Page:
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October 29, 2021

ICOM VoicesHow to hook your audience’s attention

Paul McCrory

Author, trainer and coach at HOOK training

Keywords: Museum education; Emotions; Engagement; Young audiences; Professional development

This article is based on ideas discussed in Hook Your Audience (volume 1) — How Educational Presenters Can Captivate Their Learners Using Performance Techniques by the author (2021).

Nobody has to listen to you. As a museum educator giving a presentation you succeed, or fail, by how well you can grab and keep the attention of your voluntary audience. These visitors only listen if you interest them. This is especially true when engaging young minds. There is a proven strategy, however, we can borrow from the world of entertainment to secure their attention: provoking their emotions.

A person wearing a shirt stating
Nobody has to listen to you. © Yay Images, Royalties free Standard Licence.

The power of emotional hooks

All forms of entertainment create strong and varied emotions in an audience, e.g. movies, stand-up comedy, music concerts. Emotions are what makes an experience entertaining.

Crucially, emotions also provoke the involuntary attention of the audience, regardless of how interested they are initially in the subject. According to the evolutionary theory of emotions, originally proposed by Darwin, emotions were vital in allowing humans to adapt and survive, e.g. instantly feeling fear in response to threats around them. The gatekeepers to the brains of your audience have evolved to let emotions straight through to their consciousnesses. They wave them past without a question.

When I talk about eliciting ‘emotions’ as an educator, I do not necessarily mean provoking tears, sentimentality or controversy. These responses are what people often associate with something being ‘emotional’ in everyday language. Instead, I mean a rich gamut of emotions, e.g. curiosity, amusement, anticipation, uncertainty, happiness, wonder, awe, surprise, joy of understanding, shock, confusion, mild fear, etc.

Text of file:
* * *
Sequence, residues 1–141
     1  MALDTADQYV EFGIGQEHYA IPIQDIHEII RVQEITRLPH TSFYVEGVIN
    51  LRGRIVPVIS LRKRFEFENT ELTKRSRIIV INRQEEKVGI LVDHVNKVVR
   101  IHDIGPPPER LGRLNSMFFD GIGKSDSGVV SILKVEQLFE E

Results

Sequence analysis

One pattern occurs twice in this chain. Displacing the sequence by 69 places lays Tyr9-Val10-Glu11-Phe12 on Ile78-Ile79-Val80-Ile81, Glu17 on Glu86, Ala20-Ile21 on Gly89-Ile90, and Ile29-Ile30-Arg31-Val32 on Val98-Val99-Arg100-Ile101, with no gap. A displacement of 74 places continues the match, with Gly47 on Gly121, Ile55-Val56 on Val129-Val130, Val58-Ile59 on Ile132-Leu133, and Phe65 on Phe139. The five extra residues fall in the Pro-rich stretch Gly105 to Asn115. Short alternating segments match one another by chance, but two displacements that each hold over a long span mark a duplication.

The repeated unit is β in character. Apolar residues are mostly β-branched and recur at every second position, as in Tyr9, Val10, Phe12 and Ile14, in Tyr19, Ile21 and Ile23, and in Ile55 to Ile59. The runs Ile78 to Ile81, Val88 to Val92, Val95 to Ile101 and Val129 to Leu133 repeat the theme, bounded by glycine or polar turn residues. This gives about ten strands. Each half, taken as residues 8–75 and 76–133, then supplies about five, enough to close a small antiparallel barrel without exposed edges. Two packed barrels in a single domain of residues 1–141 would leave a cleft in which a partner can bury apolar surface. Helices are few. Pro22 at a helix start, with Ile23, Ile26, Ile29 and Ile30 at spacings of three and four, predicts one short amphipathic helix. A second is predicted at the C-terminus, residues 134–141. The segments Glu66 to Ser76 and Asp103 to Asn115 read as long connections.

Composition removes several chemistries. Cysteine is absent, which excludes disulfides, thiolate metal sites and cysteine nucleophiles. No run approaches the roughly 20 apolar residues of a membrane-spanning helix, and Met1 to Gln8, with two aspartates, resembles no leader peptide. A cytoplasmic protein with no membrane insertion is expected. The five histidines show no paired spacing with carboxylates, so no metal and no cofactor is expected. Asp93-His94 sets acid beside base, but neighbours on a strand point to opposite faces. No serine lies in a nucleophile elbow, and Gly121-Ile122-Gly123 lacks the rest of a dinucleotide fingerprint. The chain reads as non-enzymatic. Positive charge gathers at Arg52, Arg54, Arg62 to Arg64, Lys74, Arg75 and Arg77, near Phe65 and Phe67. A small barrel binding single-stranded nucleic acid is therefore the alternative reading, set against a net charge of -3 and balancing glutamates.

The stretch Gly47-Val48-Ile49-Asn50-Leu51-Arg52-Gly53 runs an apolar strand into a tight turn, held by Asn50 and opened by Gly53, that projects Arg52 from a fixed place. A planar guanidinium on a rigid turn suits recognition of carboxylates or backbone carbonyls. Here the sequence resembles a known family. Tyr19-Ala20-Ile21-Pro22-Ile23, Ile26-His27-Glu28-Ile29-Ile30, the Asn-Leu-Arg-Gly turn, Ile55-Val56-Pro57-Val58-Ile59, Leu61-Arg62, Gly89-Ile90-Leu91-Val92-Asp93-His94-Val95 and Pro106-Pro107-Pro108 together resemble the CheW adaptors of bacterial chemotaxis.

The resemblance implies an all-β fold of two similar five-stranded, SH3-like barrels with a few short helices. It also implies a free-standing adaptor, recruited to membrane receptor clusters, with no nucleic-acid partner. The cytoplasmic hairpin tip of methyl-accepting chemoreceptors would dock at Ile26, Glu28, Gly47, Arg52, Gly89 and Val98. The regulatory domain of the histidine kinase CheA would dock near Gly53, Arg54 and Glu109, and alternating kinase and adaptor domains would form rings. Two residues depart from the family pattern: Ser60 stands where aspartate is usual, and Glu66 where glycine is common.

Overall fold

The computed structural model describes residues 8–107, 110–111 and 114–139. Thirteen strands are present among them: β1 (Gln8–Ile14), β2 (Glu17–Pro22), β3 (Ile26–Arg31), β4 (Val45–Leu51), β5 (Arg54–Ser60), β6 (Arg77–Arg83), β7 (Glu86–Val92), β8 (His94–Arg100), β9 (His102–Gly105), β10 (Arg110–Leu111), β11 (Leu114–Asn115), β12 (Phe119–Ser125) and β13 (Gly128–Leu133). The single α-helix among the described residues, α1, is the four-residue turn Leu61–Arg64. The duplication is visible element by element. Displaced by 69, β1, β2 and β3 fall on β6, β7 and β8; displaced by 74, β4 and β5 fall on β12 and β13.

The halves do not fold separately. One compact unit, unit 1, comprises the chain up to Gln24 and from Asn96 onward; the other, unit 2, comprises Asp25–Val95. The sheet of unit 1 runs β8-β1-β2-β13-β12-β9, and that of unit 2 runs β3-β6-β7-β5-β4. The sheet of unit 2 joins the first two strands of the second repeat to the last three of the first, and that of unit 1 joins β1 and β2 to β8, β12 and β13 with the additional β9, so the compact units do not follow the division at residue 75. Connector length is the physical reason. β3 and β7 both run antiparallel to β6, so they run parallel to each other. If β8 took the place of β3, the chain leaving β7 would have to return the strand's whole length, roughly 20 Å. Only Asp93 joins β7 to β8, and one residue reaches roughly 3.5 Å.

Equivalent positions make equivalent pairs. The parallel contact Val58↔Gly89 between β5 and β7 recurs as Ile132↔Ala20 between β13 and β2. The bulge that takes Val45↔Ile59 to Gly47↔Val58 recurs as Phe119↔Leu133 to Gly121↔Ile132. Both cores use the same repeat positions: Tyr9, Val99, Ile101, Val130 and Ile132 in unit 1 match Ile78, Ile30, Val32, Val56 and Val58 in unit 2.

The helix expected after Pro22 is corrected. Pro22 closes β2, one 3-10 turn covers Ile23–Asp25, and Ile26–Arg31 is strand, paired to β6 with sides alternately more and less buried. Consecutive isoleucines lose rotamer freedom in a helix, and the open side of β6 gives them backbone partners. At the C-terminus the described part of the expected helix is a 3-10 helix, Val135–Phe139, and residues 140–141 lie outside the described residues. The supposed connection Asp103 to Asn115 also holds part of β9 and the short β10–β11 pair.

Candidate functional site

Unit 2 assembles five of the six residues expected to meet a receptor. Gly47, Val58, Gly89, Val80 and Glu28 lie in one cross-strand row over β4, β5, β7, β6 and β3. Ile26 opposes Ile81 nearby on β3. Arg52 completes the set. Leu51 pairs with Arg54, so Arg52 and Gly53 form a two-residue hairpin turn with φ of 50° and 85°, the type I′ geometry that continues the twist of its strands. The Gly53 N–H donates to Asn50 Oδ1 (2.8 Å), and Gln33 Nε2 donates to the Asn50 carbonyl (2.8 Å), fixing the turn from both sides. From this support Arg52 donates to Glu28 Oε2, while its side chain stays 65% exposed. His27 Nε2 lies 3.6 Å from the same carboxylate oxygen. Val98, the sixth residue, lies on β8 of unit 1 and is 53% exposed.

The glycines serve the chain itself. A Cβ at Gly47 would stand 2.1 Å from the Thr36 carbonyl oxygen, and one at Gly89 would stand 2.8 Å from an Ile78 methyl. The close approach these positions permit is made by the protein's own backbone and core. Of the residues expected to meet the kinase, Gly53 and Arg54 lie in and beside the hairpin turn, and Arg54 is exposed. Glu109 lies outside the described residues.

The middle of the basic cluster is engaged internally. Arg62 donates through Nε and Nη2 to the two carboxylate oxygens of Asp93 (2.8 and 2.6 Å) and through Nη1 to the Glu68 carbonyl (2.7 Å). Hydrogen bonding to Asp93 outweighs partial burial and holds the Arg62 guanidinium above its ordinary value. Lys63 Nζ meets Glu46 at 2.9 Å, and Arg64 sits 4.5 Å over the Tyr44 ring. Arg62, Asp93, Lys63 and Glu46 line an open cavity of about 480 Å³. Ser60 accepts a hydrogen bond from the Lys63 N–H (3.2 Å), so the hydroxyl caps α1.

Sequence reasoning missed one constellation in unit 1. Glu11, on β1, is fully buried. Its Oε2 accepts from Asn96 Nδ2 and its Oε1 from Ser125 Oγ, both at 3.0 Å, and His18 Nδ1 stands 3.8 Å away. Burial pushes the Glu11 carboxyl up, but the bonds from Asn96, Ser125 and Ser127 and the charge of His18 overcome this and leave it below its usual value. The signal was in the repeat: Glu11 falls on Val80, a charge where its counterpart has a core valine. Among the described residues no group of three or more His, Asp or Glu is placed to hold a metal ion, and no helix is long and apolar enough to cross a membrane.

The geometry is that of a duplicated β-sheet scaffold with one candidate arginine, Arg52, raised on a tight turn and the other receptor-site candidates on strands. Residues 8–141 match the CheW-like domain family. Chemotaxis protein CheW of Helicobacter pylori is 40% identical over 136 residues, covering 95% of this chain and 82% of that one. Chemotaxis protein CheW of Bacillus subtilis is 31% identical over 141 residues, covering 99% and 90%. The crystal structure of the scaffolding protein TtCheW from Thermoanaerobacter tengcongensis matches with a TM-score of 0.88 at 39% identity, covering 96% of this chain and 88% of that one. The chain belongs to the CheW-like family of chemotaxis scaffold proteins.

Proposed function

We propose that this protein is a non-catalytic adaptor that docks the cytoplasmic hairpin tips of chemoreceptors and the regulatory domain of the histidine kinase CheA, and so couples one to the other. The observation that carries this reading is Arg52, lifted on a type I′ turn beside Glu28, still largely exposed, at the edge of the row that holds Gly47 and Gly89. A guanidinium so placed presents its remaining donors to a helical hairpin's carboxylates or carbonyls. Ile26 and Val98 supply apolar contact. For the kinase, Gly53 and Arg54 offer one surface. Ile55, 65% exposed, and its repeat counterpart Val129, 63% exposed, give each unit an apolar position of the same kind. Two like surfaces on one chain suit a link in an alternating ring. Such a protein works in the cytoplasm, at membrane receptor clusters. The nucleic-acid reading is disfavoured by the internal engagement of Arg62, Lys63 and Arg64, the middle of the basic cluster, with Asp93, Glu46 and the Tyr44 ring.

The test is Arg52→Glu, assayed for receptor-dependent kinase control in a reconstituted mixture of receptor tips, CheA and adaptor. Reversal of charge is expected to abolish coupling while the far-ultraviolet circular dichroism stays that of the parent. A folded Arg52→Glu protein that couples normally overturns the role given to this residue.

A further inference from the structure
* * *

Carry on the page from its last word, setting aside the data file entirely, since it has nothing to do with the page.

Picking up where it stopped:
I often ask the educators I train to think of a strong memory of learning from their school days. Every recollection I have heard has involved a potent emotion. Feelings play a vital, but often neglected, role in the learning process. Learners’ emotions have been shown by researchers to have a powerful impact on attention, motivation, interest, memory and the learner-educator relationship. (You can find a useful introduction to this research in Cavanagh’s The Spark of Learning referenced below.) However, extreme feelings can overpower your key learning points, so educators tend to create moderate emotional responses in their presentations.

For centuries we have artificially separated reason and emotions in our psychological models to help us cope with the complexity of our brains. But over the last 30 years neuroscientists, such as Antonio Damasio, have found that emotions and thinking are inextricably linked. This is most easily demonstrated with that exhilarating state when you realise you have just learnt something — the penny-dropping moment. Is this joy of discovery an emotion or a thought? It is both. Your new understanding involves thoughts, or cognition, but it also brings happiness and pride when you appreciate your break-through.